Reactivity for Fields, Objects, and Arrays

If a field’s value changes, and the field is used in a template or in a getter of a property that’s used in a template, the component rerenders and displays the new value. If a field is assigned an object or an array, the framework observes some changes to the internals of the object or array, such as when you assign a new value.

When a component rerenders, the expressions used in the template are reevaluated and the renderedCallback() lifecycle hook executes.

Primitive fields—like booleans, numbers, and strings—are reactive. LWC tracks field value changes in a shallow fashion. Changes are detected when a new value is assigned to the field by comparing the value identity using ===.

When manipulating complex types like objects and arrays, you must create a new object and assign it to the field for the change to be detected.

To deeply track mutations made to the field value for a complex object, use the @track decorator.

To observe changes to the properties of an object or to the elements of an array, decorate the field with @track.

When a field is decorated with @track, Lightning Web Components tracks changes to the internal values of:

  • Plain objects created with {}
  • Arrays created with []

The framework observes mutations made to plain objects and arrays in a recursive fashion, including nested objects, nested arrays, and a mix of objects and arrays. Cyclic references are also handled.

However, the framework doesn't observe mutations made to complex objects, such as objects inheriting from Object, class instances, Date, Set, or Map.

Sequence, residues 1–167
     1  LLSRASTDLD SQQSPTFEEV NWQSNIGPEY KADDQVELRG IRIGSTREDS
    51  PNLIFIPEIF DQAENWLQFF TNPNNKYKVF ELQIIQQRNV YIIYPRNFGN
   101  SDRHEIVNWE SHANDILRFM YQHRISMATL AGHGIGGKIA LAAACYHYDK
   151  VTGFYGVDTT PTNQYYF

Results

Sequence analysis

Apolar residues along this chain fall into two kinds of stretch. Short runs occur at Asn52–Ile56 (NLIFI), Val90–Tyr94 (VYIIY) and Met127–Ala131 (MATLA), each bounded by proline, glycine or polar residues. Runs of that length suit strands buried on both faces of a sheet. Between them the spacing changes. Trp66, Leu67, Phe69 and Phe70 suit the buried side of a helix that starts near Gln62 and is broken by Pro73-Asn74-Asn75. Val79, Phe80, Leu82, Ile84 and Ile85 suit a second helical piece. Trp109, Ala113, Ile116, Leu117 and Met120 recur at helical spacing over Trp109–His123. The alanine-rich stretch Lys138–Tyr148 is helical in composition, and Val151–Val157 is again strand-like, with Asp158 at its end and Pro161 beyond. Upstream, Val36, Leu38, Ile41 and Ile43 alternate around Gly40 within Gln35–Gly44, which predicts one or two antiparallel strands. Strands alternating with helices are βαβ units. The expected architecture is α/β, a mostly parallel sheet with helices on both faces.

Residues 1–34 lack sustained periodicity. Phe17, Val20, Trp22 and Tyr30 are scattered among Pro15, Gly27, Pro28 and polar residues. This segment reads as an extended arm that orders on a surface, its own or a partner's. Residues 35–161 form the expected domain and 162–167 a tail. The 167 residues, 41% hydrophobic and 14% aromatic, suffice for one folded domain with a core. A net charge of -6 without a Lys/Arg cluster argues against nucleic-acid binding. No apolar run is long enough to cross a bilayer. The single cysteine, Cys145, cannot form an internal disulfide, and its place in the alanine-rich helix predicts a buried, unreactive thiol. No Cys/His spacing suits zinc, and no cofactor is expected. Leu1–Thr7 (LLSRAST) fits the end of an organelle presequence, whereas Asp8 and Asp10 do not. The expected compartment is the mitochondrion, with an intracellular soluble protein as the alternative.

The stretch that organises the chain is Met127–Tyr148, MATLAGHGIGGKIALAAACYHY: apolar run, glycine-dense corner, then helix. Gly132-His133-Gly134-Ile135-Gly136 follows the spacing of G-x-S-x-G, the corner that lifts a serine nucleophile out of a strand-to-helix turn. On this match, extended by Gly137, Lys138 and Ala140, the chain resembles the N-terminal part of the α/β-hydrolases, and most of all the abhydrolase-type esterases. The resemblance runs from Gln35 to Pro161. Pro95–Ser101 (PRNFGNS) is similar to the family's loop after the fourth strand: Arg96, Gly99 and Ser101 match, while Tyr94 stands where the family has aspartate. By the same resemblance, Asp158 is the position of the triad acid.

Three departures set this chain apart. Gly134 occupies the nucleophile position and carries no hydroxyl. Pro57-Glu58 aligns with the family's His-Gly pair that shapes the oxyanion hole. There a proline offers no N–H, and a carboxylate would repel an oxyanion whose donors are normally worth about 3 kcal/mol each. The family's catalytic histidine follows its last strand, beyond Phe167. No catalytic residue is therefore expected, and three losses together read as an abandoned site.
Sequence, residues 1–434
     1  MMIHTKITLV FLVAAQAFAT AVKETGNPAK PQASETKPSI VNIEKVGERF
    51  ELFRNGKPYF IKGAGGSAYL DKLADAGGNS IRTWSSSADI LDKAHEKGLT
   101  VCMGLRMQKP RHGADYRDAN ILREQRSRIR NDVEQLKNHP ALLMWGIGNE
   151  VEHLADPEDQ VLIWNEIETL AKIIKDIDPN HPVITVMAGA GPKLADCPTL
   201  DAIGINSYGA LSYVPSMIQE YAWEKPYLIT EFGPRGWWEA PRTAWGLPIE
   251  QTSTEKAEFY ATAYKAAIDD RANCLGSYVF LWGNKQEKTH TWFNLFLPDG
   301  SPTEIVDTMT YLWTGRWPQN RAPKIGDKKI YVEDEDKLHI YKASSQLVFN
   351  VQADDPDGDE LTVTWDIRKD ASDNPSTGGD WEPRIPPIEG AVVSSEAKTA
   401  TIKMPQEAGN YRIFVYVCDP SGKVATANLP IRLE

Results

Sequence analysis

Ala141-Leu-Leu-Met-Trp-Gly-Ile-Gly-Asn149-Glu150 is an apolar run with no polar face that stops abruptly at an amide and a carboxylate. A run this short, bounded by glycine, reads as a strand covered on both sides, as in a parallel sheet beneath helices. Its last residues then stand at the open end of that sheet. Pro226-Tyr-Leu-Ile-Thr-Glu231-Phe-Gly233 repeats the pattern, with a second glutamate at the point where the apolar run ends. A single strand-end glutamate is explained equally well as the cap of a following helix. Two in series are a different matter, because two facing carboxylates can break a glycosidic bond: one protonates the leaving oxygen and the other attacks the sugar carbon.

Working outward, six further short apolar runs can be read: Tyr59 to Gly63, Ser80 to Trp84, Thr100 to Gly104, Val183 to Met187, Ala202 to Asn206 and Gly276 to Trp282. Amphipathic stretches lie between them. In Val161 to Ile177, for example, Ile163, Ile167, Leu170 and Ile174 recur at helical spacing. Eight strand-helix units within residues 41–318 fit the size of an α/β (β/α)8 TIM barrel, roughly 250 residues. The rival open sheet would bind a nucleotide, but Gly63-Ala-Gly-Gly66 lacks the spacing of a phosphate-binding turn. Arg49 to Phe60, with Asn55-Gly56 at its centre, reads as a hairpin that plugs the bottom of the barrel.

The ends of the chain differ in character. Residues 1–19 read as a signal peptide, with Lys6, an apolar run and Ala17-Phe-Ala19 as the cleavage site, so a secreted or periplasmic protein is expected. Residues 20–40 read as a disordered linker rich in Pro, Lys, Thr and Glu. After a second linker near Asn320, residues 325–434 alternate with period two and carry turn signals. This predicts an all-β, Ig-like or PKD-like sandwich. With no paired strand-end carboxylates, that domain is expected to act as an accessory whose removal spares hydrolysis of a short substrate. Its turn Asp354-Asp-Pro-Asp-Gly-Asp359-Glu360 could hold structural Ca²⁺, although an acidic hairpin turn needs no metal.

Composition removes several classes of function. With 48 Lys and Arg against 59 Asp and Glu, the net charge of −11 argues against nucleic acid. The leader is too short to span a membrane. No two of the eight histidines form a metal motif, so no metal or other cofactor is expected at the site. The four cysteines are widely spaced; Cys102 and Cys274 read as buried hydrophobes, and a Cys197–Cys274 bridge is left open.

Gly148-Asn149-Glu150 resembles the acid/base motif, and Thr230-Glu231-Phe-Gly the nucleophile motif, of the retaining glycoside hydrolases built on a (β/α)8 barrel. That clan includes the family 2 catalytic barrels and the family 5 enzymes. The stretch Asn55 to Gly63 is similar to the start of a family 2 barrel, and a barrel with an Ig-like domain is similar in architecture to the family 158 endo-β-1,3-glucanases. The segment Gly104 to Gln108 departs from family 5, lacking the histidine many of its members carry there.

@track Decorator

To tell the framework to observe changes to the properties of an object, decorate the field with @track.

As discussed earlier, without using @track, the framework observes changes that assign a new value to the field. If the new value is not === to the previous value, the component rerenders.

For example, let's change the code a bit to declare the fullName field, which contains an object with two properties, firstName and lastName. The framework observes changes that assign a new value to fullName.

This code assigns a new value to the fullName field, so the component rerenders.

However, if we assign a new value to one of the object’s properties, the component doesn't rerender, because the properties aren’t observed.

The framework observes changes that assign a new value to the fullName field. This code doesn't do that, instead it assigns a new value to the firstName property of the fullName object.

To tell the framework to observe changes to the object's properties, decorate the fullName field with @track. Now if we change either property, the component rerenders.

If a property contains an object, to track changes on the object's properties, annotate the property with @track. To understand, let's modify our example. Our example initializes firstName and lastName to empty strings, which are primitive values, so the component rerenders when they change.

A component rerenders only if a property accessed during the previous rendering cycle is updated, even when the object is annotated with @track. This prevents the component from rerendering excessively,